Although plaintiff seems to have genuine affection for these two daughters, she apparently does not have a pleasant disposition, "is not very easy to get along with," and uses rough and profane language. In the presence of the children in controversy, plaintiff called the home of defendant's parents, where defendant lives, a whorehouse. A short time before the hearing below plaintiff had a physical encounter with another woman, an "in-law," and was held in jail for a time for questioning. Plaintiff's landlord from February to July 6, 1946, served notice on plaintiff and Stough to vacate the apartment occupied by them because there was noise in the apartment in the evening and there were complaints from other tenants and a neighbor.

This apartment occupied by the Stoughs consisted of two rooms, each about seven by ten feet, with a hall and back porch. During June, when the two girls in controversy were with plaintiff, there were seven occupants of the apartment: plaintiff and Stough, the latter's two daughters, the girls in controversy, and the baby born in April. Following their eviction from the apartment the family moved about July 6th (two and one-half weeks before the hearing) to an eight-room house for which they had no lease.

Although the home provided by defendant is not ideal, he and his new wife live in a ten-room duplex house his parents have owned for two years. The parents and defendant's brother, the brother's wife and child also live there. Defendant is trying to find a home of his own. The two girls lived in this home from the time of the divorce until June 1, 1946. Before that the children, with their parents, stayed in the home "for a while when their house burnt down." The girls also stayed in this same home "off and on all the while Ray [defendant] was in the army, especially Saturday nights until Monday and Tuesday mornings."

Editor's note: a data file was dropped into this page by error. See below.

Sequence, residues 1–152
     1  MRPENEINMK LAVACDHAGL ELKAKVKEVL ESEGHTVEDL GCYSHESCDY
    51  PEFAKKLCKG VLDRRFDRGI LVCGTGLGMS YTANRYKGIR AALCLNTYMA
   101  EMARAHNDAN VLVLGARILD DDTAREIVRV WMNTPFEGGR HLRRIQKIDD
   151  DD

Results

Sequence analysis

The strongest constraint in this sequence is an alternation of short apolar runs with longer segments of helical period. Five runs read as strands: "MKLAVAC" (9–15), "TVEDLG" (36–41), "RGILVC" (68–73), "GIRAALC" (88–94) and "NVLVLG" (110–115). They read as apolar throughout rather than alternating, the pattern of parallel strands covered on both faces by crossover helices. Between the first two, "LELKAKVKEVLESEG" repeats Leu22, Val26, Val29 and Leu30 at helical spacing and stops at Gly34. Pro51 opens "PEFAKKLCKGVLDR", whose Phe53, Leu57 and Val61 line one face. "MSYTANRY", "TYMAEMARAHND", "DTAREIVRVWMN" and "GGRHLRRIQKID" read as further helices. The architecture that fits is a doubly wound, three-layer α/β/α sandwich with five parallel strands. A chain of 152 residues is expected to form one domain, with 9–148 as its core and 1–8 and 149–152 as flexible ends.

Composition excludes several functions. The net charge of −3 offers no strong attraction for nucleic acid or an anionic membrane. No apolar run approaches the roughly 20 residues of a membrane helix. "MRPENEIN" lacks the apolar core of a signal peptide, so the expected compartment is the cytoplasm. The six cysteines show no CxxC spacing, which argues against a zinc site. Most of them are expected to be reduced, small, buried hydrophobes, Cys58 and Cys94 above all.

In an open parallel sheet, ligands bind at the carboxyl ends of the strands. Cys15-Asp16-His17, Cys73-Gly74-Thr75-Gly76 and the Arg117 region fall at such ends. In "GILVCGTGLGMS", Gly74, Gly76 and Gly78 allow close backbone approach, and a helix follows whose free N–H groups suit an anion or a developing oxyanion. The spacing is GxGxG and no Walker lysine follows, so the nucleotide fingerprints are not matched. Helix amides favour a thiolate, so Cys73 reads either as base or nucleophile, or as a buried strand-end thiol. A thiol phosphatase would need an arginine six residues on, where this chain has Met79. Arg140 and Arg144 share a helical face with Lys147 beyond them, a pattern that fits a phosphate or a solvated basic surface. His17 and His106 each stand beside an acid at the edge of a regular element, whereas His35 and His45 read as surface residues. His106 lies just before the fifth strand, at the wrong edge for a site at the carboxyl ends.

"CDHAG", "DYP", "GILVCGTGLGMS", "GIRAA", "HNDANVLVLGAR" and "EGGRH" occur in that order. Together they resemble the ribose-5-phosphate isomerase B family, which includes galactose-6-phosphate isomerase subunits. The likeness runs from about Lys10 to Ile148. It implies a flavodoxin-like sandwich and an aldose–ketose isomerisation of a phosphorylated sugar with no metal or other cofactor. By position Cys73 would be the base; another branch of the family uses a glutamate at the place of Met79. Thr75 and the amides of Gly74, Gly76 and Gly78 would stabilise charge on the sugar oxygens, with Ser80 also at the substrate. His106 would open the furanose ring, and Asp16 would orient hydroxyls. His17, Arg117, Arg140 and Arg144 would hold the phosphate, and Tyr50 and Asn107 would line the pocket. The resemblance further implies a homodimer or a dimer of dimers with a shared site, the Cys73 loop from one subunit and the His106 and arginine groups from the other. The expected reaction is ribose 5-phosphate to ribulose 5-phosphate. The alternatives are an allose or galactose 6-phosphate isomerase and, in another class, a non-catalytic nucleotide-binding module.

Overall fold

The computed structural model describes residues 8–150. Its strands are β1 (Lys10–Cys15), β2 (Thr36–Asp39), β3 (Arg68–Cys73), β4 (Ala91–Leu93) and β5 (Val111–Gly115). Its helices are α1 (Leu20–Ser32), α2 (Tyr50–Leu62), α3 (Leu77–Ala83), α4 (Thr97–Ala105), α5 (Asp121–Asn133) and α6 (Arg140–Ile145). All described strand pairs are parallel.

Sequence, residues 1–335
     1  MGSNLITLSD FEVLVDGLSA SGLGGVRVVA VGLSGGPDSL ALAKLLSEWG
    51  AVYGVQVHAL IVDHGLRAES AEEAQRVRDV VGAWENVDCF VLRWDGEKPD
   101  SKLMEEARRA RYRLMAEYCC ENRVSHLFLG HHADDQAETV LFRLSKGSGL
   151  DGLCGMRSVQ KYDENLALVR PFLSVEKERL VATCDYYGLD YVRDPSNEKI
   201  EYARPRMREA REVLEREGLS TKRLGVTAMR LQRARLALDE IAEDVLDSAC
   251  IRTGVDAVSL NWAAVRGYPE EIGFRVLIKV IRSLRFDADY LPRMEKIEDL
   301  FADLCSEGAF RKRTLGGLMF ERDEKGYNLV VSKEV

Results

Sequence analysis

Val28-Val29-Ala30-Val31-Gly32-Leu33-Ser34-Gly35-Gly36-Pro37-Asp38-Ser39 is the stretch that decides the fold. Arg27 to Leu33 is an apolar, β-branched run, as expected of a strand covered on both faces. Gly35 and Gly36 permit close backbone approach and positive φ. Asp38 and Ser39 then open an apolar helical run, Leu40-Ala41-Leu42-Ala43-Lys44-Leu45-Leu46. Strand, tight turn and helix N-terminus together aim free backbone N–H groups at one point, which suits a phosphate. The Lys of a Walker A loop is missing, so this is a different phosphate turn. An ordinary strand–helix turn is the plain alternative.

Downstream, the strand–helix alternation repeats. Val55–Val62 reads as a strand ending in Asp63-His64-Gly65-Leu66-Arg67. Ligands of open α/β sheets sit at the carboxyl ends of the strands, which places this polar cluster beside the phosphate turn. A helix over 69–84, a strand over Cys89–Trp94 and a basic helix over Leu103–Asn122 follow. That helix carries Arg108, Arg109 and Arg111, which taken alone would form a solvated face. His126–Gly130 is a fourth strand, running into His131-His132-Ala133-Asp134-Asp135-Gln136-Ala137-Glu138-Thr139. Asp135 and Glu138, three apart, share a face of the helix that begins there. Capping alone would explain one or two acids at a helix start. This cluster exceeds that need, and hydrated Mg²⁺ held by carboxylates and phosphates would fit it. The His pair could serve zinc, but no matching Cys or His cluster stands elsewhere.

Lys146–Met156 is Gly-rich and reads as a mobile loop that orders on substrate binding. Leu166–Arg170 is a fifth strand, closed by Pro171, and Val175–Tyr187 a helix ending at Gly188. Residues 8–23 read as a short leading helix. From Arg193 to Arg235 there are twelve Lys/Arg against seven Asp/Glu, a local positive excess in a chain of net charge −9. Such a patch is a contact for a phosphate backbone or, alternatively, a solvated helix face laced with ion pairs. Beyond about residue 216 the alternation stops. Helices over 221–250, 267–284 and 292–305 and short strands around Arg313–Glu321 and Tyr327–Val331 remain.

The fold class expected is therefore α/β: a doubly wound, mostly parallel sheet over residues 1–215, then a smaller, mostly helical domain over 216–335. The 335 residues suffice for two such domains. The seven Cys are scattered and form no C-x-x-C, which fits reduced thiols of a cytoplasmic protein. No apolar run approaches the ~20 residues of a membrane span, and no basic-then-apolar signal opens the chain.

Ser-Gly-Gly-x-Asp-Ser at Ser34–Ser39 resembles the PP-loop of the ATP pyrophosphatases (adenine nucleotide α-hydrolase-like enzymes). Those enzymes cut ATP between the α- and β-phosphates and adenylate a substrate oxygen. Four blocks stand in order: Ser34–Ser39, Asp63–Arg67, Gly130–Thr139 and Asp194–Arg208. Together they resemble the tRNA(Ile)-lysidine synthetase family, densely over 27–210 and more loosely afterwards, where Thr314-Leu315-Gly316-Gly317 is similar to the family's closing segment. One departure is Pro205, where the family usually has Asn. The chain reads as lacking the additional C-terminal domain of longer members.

Defendant's new wife, who testified, impressed the trial court as a splendid young woman. She had much of the care of these children from the time of her marriage on March 18th to June 1st, when they were surrendered to plaintiff.

[6] While, of course, there is other testimony we need not review it. We have mentioned enough to demonstrate that it does not appear the trial court abused its discretion in the award of custody to the father. There is a sufficient showing of changed conditions since the original decree or of material facts not then known to the court to support the decree of modification in furtherance of the children's welfare. — Affirmed.


Summaries of

Maron v. Maron

Supreme Court of Iowa
Jun 17, 1947
28 N.W.2d 17 (Iowa 1947)
Case details for

Maron v. Maron

Case Details

Full title:AVIS L. MARON, Appellant, v. RAYMOND R.R. MARON, Appellee

Court:Supreme Court of Iowa

Date published: Jun 17, 1947


28 N.W.2d 17 (Iowa 1947)
28 N.W.2d 17